Long over-due.

The costs in dollars and lives is immeasurable,  although the infographics below attempt an estimate.

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Prosecutors Sue Mississippi for “School to Prison Pipeline”

October 26, 2012 By: seeta Category: 2012 Election, Anti-Racism, Civil Rights, Education, Intersectionality, Poverty, Prison Industrial Complex, White Privilege

From Democracy Now:

The Justice Department is suing state and local officials in Mississippi for allegedly violating the rights of children — especially black and disabled — with routine and unjustified arrests. A federal complaint accuses officers in Meridian, Mississippi, of operating a “school to prison pipeline,” in which youth are consistently arrested after being suspended from school for infractions such as dress code violations or talking back to teachers. It is the first time the Justice Department has used a 1994 federal anti-discrimination law on behalf of youths.

Download the complaint [pdf]

School to Prison Pipeline Thrives

August 22, 2011 By: seeta Category: Anti-Racism, Civil Rights, Prison Industrial Complex

Texas schools continue to push the school-to-prison pipeline as students as young as five years old end up in courtrooms pleading guilty to school bus skirmishes, spilling milk, spraying perfume in class, running in the hall, and violating dress codes. The Washington Post reports that 6 in 10 students were suspended or expelled at least once from seventh grade on. These students were nearly three times more likely to be involved in the juvenile justice system the next year.

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The Shocking Details of a Mississippi School-to-Prison Pipeline

December 05, 2012 By: seeta Category: Anti-Racism, Civil Rights, Education, Intersectionality, Poverty, Prison Industrial Complex, White Privilege

From Colorlines:

Cedrico Green can’t exactly remember how many times he went back and forth to juvenile. When asked to venture a guess he says, “Maybe 30.” He was put on probation by a youth court judge for getting into a fight when he was in eighth grade. Thereafter, any of Green’s school-based infractions, from being a few minutes late for class to breaking the school dress code by wearing the wrong color socks, counted as violations of his probation and led to his immediate suspension and incarceration in the local juvenile detention center.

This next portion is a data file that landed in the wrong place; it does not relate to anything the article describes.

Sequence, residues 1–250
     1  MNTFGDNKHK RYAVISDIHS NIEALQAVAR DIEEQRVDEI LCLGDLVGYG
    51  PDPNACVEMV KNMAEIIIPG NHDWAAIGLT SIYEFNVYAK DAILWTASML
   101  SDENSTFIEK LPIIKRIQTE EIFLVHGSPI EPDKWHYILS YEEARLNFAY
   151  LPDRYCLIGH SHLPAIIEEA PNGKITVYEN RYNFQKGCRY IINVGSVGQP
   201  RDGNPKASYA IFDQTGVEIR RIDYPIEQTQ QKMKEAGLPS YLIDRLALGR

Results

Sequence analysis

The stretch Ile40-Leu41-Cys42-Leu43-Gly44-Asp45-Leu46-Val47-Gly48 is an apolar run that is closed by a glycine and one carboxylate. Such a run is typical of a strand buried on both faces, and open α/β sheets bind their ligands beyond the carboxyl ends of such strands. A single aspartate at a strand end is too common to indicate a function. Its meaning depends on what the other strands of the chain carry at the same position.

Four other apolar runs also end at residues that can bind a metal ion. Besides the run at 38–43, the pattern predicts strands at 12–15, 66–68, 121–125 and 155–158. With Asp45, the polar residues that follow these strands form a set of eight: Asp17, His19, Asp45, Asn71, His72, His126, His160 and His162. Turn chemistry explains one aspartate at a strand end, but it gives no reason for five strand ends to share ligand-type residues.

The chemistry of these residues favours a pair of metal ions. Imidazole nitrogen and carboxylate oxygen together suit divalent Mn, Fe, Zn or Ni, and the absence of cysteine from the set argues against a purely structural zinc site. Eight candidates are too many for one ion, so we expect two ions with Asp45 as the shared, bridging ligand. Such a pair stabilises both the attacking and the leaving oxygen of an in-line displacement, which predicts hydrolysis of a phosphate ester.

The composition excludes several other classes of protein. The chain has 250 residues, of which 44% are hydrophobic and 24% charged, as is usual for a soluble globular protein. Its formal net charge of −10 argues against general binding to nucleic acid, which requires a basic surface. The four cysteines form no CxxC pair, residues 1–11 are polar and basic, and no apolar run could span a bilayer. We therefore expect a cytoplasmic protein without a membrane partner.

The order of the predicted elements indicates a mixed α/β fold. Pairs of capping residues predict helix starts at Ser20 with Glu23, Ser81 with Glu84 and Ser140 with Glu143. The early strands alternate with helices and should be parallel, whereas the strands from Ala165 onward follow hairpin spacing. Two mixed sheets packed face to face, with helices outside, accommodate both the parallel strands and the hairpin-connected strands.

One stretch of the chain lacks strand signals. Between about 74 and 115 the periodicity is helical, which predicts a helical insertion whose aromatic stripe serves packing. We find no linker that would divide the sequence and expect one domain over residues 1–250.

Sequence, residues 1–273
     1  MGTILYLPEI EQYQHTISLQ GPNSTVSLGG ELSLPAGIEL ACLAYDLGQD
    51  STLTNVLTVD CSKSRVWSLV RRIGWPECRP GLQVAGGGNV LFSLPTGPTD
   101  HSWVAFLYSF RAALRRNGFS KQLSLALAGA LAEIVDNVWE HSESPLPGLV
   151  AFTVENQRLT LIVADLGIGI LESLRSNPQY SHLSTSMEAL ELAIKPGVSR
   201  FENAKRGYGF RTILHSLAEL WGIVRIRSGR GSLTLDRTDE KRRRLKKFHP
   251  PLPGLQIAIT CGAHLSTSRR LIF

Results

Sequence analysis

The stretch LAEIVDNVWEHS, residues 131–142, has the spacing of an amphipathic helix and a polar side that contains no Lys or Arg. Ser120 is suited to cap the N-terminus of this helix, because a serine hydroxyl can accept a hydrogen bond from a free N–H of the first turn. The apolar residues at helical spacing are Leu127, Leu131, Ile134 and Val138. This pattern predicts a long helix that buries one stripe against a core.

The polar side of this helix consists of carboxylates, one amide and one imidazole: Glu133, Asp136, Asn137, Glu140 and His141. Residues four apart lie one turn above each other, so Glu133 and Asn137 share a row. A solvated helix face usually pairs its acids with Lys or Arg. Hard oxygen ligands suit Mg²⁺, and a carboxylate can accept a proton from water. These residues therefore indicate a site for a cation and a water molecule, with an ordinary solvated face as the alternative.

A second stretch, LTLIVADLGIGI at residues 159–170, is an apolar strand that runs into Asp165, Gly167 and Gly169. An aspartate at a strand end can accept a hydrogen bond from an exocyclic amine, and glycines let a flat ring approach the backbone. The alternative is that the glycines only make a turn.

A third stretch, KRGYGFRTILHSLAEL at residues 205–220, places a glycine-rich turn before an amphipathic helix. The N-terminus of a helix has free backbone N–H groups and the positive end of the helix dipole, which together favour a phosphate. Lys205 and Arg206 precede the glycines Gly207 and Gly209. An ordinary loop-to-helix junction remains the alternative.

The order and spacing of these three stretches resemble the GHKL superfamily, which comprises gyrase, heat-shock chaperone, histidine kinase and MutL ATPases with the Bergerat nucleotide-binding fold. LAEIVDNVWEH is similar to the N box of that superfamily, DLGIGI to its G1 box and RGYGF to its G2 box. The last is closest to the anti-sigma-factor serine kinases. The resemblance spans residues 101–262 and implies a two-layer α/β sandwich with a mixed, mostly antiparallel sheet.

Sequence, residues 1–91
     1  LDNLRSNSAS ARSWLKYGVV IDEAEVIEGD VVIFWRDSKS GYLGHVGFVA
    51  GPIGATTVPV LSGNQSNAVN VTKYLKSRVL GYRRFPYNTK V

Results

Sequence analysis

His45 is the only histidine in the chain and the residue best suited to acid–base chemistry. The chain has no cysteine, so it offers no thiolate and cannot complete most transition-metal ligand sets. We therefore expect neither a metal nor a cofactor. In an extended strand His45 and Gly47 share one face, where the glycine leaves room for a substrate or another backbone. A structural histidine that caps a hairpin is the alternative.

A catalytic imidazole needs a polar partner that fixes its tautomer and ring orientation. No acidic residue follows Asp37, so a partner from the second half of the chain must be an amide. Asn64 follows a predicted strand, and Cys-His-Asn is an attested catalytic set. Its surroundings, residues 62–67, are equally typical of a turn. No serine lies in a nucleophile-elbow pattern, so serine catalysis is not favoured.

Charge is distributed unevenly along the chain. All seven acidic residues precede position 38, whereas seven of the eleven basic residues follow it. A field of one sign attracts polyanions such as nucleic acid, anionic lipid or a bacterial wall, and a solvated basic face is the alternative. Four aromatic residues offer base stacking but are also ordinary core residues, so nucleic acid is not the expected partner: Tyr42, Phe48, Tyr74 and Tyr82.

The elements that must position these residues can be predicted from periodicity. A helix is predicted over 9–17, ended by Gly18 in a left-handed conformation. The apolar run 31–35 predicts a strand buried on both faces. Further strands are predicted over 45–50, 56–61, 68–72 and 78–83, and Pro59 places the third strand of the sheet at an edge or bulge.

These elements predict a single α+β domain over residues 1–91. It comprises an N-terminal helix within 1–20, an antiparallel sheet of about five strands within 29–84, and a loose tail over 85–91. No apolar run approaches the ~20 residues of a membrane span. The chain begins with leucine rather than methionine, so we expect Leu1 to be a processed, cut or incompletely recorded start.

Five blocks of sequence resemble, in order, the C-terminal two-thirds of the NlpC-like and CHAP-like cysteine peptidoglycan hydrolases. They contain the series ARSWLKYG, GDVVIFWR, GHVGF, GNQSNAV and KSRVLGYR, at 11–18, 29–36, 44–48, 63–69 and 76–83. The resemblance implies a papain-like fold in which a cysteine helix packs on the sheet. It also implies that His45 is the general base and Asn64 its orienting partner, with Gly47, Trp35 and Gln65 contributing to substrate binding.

But Green wasn’t alone. A bracing Department of Justice lawsuit filed last month against Meridian, Miss., where Green lives and is set to graduate from high school this coming year, argues that the city’s juvenile justice system has operated a school to prison pipeline that shoves students out of school and into the criminal justice system, and violates young people’s due process rights along the way.

In Meridian, when schools want to discipline children, they do much more than just send them to the principal’s office. They call the police, who show up to arrest children who are as young as 10 years old. Arrests, the Department of Justice says, happen automatically, regardless of whether the police officer knows exactly what kind of offense the child has committed or whether that offense is even worthy of an arrest. The police department’s policy is to arrest all children referred to the agency.